Home Health & Hospice

Weekly roundup

Homecare Insider, June 6, 2016

Legislators slam home health prior authorization proposal

A CMS proposal to require a prior authorization screening for home health services would be “an administrative nightmare” and could produce barriers to care that could harm patients, according to 116 lawmakers in the U.S. House of Representatives. In a letter to CMS Acting Administrator Andrew Slavitt and Department of Health and Human Services (HHS) Secretary Sylvia Burwell, the legislators requested that CMS withdraw the proposed demonstration project requiring prior authorization for Medicare home health services, which was posted in the Federal Register in February.

The legislators’ letter stated “Prior authorization has never been applied to postacute care within fee-for-service Medicare. We encourage you to refrain from moving forward with the proposed demonstration project in order to avoid delays or a disruption in patient care and prevent restrictions on patient access to home health services.”

Source: RevCycle Intelligence

What’s new in CMS’ proposed FY17 hospice payments

The new quality measures for the Hospice Quality Reporting Program payment determination, which would be in effect for FY19 and subsequent years, include a pair of measures regarding hospice visits when death is imminent and one measure for comprehensive assessment at admission. What does this mean for your agency?

This month’s Homecare DIRECTION takes a closer look at the Fiscal Year 2017 Hospice Wage Index and Payment Rate Update and Hospice Quality Reporting Requirements. Check out the June issue for this and other key information, including coding of traumatic wounds and surgical complications, vital preparations for CMS surveys, and training for care of patients with Alzheimer’s disease.

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Health system measures benefits of palliative care in home health

UnityPoint Health (UPH), an integrated health system (IHS) that operates in Iowa, Illinois and Wisconsin, has boosted its palliative care at home and hospice services by increasing awareness of these services within home settings, and harnessing data to prove the value.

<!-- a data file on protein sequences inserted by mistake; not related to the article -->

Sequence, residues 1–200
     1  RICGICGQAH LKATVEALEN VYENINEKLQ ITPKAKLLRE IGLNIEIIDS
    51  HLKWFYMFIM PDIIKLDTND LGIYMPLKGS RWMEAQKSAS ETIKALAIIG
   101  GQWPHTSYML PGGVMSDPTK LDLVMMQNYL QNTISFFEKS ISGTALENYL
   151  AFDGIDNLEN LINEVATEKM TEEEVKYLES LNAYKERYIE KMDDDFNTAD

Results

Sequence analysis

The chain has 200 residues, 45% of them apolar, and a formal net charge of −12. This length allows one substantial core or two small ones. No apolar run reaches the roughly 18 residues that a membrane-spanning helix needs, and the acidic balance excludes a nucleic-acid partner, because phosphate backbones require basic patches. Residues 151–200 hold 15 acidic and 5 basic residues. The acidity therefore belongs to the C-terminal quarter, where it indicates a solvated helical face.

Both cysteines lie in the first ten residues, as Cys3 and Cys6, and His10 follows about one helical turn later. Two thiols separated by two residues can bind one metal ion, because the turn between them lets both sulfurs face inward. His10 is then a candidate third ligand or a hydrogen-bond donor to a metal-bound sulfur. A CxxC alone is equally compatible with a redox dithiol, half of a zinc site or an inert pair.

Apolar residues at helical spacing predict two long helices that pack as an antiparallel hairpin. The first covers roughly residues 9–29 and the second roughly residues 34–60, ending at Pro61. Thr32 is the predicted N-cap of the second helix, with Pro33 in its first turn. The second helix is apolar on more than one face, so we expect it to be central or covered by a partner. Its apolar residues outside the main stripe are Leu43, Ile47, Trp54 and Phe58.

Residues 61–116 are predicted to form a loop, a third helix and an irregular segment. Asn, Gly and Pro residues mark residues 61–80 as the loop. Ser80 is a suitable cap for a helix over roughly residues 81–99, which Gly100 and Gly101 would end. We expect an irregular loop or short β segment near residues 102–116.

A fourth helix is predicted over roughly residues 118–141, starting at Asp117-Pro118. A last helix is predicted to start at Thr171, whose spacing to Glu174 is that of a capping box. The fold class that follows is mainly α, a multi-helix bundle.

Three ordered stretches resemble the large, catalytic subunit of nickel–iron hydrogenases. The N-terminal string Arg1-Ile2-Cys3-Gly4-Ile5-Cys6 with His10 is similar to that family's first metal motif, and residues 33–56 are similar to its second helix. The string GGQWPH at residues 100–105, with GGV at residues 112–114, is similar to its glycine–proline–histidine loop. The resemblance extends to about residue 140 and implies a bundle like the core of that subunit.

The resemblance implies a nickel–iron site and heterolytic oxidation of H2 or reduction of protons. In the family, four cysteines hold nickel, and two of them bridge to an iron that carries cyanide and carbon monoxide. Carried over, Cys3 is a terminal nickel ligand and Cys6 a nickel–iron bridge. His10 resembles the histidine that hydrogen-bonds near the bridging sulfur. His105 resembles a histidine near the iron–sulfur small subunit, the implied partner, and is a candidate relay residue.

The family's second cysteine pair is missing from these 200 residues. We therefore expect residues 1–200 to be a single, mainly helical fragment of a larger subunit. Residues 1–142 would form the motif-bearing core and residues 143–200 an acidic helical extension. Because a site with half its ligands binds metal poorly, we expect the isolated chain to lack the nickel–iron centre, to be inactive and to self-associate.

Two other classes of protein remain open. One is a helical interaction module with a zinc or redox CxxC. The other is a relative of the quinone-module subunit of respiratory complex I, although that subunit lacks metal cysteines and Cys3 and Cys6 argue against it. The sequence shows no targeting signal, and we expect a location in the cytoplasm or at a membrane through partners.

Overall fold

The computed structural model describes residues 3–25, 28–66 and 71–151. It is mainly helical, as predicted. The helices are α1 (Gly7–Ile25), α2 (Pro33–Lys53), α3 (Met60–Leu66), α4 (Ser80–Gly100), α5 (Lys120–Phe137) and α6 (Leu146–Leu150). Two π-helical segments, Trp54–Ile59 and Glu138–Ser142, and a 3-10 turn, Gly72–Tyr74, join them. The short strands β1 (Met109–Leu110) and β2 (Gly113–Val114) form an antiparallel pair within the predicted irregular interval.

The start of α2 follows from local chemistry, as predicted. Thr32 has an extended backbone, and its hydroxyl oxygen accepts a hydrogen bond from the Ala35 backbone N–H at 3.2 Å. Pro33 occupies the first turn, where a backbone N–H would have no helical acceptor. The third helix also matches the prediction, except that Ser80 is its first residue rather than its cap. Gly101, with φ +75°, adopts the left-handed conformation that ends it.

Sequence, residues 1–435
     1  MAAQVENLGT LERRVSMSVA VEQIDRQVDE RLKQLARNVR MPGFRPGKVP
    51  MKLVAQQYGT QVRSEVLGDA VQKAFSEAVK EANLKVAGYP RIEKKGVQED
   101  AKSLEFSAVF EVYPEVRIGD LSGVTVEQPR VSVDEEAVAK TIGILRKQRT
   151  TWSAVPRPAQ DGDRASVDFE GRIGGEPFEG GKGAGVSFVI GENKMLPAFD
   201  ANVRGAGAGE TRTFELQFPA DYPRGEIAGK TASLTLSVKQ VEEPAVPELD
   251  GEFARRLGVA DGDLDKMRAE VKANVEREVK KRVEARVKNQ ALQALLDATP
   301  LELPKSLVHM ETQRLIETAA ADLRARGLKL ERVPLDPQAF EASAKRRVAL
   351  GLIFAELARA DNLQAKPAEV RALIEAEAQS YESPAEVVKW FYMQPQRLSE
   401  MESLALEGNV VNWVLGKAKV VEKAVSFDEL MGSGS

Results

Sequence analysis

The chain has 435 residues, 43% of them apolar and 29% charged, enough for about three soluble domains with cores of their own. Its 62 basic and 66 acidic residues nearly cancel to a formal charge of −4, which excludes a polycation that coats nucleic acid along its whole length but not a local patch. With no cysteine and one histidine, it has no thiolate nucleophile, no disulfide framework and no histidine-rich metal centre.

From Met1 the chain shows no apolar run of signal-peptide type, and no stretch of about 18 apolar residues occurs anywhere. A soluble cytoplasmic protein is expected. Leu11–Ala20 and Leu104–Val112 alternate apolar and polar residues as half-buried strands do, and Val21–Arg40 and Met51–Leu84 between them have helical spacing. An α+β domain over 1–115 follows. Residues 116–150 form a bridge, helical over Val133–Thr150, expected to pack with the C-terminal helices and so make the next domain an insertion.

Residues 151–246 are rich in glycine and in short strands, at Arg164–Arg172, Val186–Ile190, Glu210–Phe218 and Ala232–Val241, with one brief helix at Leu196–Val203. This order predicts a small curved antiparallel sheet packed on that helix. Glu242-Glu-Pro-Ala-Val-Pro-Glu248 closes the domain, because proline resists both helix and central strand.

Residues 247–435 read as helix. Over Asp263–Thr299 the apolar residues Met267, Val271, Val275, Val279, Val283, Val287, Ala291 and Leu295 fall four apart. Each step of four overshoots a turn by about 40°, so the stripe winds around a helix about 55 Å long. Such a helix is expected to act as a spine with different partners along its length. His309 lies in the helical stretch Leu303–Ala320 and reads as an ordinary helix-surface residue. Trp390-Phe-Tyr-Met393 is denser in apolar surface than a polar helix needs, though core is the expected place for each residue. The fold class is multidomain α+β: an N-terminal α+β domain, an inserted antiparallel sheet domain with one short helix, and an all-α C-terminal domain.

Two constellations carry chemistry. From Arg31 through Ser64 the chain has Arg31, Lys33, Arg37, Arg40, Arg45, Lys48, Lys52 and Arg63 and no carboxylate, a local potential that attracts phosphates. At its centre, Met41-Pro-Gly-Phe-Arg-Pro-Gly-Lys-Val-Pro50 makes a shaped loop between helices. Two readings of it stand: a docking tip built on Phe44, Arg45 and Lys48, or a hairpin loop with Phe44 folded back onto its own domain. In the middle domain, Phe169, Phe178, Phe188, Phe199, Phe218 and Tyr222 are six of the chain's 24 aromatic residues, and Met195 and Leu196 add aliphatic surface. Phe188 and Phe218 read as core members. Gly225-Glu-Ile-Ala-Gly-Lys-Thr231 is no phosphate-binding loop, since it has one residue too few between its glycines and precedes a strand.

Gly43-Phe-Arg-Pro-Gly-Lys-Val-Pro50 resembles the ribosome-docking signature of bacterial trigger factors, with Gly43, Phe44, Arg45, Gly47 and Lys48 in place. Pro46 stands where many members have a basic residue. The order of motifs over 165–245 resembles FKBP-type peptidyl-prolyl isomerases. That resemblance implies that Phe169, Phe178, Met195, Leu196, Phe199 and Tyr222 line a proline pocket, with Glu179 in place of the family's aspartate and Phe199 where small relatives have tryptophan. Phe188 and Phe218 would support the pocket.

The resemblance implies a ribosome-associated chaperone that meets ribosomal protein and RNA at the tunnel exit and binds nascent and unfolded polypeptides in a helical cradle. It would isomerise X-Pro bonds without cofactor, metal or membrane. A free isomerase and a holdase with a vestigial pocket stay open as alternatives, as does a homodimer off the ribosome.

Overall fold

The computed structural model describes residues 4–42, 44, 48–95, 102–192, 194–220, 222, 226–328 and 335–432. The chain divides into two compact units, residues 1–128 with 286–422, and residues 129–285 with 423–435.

UPH implemented metrics beginning in 2005 to measure the effectiveness of its growing reach with palliative care, Home Health Care News reported last week. The IHS measures clinical, financial, operational and customer satisfaction metrics for palliative care across inpatient, community, and clinic settings six months before and after an initial consult. Most of the consults took place in inpatient settings.

Data have revealed that reaching more patients has had a big impact on hospital utilization and overall cost savings across the IHS, Home Health Care News reported last week. The initiative has reduced readmissions by 50% for inpatient settings and 70% for outpatient settings between 2012 and 2015.

Source: Home Health Care News

Court: CMS ‘applied the wrong law’ in home health agency case

The United States Court of Appeals for the Tenth Circuit, in Kansas City, Kansas, last week ruled in favor of a home health agency in a case in which CMS allegedly used the wrong regulations to determine the agency had overbilled Medicare. In addition, the court blamed CMS’ feverish rulemaking pace for its own confusion.

Caring Hearts Personal Home Services, Inc., provided physical therapy and skilled nursing services to homebound Medicare patients. However, in a recent audit, CMS found that Caring Hearts had provided services to at least a handful of patients who didn't qualify as homebound or for whom the services rendered weren't “reasonable and necessary,” court documents stated. As a result, CMS ordered Caring Hearts to repay the government more than $800,000. Caring Hearts argued that its services were consistent with CMS regulations at the time the services were delivered.

“Medicare is, to say the least, a complicated program. [CMS] estimates that it issues literally thousands of new or revised guidance documents (not pages) every single year, guidance providers must follow exactingly if they wish to provide health care services to the elderly and disabled under Medicare's umbrella. Currently, about 37,000 separate guidance documents can be found on CMS's website—and even that doesn't purport to be a complete inventory,” the justices wrote.

As a result, CMS applied the wrong law, according to the court. “The agency didn't apply the regulations in force in 2008 when Caring Hearts provided the services in dispute. Instead, it applied considerably more onerous regulations the agency adopted only years later.”

Source: Findlaw.com 

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